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The strength of wide bandgap materials for power electronics


By Ali Husain, Corporate Marketing & Strategy, ON Semiconductor

Power electronic devices are vital to the operation of nearly every device that runs off electricity, yet they are an underappreciated segment of the semiconductor space.

Generally, they are found in power converter circuits, to convert AC from the grid to DC voltage, or between DC voltages, or run electric motors (DC to AC conversion), and more. Their continuing improvement has increased the efficiency of every electronic device, and are today considered crucial to enabling energy savings and carbon-reducing technologies such as LED lighting, solar power generation and electric vehicles.

Suitable materials

Regularly found in power electronics today are semiconductor materials are the so-called wide-bandgap (WBG) materials, Silicon Carbide (SiC) and Gallium Nitride (GaN). They gained their name due to their electron energy bandgap is wider than silicon’s, which gives them very beneficial characteristics such as lower electrical resistance and higher frequency switching than the current power-workhorse devices IGBTs and MOSFETs.

Although often grouped together, in reality, SiC and GaN have important differences between them, with separate “sweet spot” where the material is most suitable.

Wafer sizes are the first big difference: SiC ingots are grown from a single-crystal seed wafer by chemical vapour deposition (CVD) or physical vapour transport (PVT). Both methods require high temperature and are slow compared to creating silicon ingots. SiC wafers also require slicing the ingot into disks. Since this is a very hard material and difficult to cut – even with a diamond saw, it proves challenging. There are several methods to do ingot separation, but they can introduce defects into the single crystal.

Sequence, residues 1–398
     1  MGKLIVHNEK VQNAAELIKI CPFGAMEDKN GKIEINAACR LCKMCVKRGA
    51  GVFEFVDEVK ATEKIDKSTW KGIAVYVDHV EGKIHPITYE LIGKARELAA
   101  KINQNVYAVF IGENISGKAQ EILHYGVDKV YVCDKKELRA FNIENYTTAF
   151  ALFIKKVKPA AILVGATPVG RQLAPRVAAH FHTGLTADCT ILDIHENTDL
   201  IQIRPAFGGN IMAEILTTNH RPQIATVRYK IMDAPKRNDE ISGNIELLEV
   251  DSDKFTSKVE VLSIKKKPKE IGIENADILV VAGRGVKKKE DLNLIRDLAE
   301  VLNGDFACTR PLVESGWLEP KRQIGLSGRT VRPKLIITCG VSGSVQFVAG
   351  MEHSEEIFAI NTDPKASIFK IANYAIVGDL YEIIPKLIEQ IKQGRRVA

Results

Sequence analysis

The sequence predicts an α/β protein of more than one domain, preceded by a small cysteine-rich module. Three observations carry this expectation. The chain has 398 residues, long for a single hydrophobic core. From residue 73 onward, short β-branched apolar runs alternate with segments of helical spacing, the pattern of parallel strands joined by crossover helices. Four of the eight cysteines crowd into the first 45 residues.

In contrast, GaN substrates are not cut from ingots, but are grown by CVD on top of silicon wafers, which in itself is a challenge since there’s a lattice constant mismatch between the two materials. There are methods to engineer this strain, but there is a risk of defects which will affect reliability. Because GaN sits on top of the silicon, GaN power devices are considered “lateral”, i.e. their source and drain are on the same side of the wafer. – in contrast to silicon and SiC power switches, where the main current path is vertical, through the chip.

Different strenghts

SiC and GaN also have different voltage levels where they are optimal. GaN devices rated for breakdown voltage of about 100V will find uses in mid-voltage power conversion from 48V down, with applications in cloud computing and telecom infrastructure. Additionally, power supplies and wall warts will contain 650V GaN power switches, which is the right voltage rating for AC to DC conversion with the wide input voltage range of 90-240VAC. The high frequency of GaN allows the passive components of the power supply to be significantly smaller, resulting in overall much more compact solution.

In contrast, SiC devices are designed for 650V and above. It is at 1200V and higher that SiC becomes the best solution for a many applications, such as solar inverters, electric vehicle chargers and industrial AC to DC conversion. Another long-term application is the solid-state transformer, where the current copper and magnet transformers are replaced with semiconductors.

Power revolution

The next revolution in power electronics is already upon us. The up-and-coming wide-bandgap materials of silicon carbide and gallium nitride will help make the future of power electronics more efficient and more compact for a wide variety of applications.

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